2015 weather not as favorable for SDS, but it’s still around

When the 2015 planting season began, soybean disease experts like Heather Young-Kelly at the University of Tennessee thought they were seeing another year of conditions favorable to the development of sudden death syndrome or SDS.

It didn’t turn out that way – the further growers got into the 2015 season the hotter it became in the Mid-South. As a result, sudden death syndrome wasn’t as pervasive as it was in 2013 and 2014, but it was still there, she says.

“This year we started off very similarly with a cool, wet spring,” says Dr. Young-Kelly, Extension plant pathologist for west Tennessee. “But compared to last year we definitely have some hotter weather and also some dryer weather in certain areas. So we haven’t seen nearly as much SDS this year as we have in the past two years because of those differences.”

It’s not that unusual to see SDS every year in higher-yielding varieties and in fields where there might be leftover nitrogen from other crops or soybean cyst nematode. “If you have soybean cyst nematode and SDS in your field, you’d have a greater impact on yield. ILeVO helps reduce that impact and reduce the overall severity of SDS but it doesn’t completely eliminate it.”

On the day she was interviewed at the West Tennessee Research and Education Center in Jackson in early September, Dr. Young-Kelly was rating soybean variety trials on the back side of the station.

“When I’m not in a sandy spot, I can see some SDS,” she said. “In other trials where I have the exact same varieties, I’m seeing stem canker, and I’m not seeing any SDS. Depending on where you are and what you have in your soils, you might be seeing more stem canker this year.”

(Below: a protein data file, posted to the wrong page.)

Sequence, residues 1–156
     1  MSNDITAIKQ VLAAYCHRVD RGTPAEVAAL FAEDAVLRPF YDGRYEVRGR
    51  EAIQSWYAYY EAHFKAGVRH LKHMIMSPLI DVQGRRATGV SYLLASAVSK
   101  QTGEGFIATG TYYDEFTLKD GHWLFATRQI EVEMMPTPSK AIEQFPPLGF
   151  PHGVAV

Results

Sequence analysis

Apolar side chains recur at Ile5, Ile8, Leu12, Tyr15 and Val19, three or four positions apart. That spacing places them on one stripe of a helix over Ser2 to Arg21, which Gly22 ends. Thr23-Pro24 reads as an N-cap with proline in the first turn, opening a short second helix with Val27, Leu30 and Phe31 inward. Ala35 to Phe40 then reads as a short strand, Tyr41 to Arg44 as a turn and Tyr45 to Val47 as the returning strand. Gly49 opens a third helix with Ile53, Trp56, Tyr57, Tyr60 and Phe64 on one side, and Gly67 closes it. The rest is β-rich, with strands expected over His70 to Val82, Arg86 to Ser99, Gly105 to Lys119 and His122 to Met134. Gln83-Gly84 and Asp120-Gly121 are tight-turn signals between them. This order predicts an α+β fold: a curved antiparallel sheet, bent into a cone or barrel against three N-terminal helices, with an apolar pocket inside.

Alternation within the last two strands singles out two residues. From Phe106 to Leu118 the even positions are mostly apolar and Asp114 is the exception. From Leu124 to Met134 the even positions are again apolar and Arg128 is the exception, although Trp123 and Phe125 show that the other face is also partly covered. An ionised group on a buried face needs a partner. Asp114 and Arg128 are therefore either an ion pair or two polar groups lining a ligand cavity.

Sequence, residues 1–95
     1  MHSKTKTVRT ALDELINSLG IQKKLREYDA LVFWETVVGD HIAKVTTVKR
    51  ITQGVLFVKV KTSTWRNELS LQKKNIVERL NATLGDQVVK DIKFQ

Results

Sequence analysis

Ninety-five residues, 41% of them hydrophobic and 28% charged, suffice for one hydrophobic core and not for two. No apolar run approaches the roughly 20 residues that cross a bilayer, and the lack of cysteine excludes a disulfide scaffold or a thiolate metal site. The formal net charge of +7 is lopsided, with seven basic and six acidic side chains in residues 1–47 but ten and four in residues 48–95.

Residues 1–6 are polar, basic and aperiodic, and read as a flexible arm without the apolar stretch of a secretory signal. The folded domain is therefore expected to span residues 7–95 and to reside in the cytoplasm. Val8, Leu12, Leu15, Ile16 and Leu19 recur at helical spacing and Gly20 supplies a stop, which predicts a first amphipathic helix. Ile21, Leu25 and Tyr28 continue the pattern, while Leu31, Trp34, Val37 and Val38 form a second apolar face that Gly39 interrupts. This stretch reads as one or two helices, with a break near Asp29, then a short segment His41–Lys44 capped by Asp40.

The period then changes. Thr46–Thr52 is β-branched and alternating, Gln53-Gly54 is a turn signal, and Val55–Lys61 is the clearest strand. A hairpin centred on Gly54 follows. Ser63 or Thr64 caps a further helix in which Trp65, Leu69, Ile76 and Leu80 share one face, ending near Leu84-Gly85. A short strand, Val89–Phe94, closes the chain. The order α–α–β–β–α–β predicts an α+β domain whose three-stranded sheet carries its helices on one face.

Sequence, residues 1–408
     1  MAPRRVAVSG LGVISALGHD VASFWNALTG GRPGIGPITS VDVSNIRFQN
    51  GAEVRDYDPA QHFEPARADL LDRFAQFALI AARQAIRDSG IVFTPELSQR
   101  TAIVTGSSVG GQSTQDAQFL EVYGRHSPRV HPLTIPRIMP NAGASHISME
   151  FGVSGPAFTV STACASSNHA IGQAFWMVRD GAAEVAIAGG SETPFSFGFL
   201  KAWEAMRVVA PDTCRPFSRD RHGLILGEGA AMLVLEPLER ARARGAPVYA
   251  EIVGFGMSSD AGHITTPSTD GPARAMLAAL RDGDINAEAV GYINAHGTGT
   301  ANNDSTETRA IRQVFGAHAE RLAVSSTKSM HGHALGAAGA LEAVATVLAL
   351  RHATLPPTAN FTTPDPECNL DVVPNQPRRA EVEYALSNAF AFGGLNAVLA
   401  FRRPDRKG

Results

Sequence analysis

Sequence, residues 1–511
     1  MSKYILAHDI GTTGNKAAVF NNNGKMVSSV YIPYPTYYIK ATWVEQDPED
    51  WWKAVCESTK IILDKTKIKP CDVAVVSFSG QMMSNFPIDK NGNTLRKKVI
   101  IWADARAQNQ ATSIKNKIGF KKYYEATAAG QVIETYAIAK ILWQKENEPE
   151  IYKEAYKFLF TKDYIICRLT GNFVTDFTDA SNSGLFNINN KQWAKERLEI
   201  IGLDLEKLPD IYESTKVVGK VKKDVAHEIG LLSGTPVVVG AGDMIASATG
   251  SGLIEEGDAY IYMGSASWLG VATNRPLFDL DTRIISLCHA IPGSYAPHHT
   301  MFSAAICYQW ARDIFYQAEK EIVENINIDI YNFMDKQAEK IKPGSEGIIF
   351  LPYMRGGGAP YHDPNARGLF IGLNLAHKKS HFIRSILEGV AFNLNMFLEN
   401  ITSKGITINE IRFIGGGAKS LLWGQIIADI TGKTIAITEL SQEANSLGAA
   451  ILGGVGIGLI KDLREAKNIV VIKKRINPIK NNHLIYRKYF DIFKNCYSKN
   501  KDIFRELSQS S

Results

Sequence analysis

Waiting for an explosion

The changing climactic conditions this year have been disappointing to some observers, such as Chip Graham, technical development specialist with Bayer CropScience who has been working on ILeVO, Bayer CropScience’s new seed treatment for SDS.

“In the Mid-South, we’re not seeing SDS at the level we’ve seen it in the last two years,” said Graham, who is based in Grenada, Miss. “We are seeing it in pockets in some fields. We had excellent conditions for it early season; we had cool, wet weather, and we thought there might be an explosion of SDS this year. But it just hasn’t materialized.”

Graham said Bayer CropScience has side-by-side comparisons of ILeVO-treated seed and untreated seed from Louisiana up through Arkansas, Mississippi and Tennessee. “So we hope we will have a lot of good data that maybe will show some differences in nematodes in some of these fields where we have nematodes.

“The Midwest is another story,” said Graham. “They have areas where they have had tremendous levels of sudden death syndrome, and ILeVO is performing very, very well. The Farm Progress Show was last week (in Decatur, Ill.), and we had a lot of growers wanting to know more about ILeVO.”

Dr. Young-Kelly was asked which was preferable – SDS or stem canker?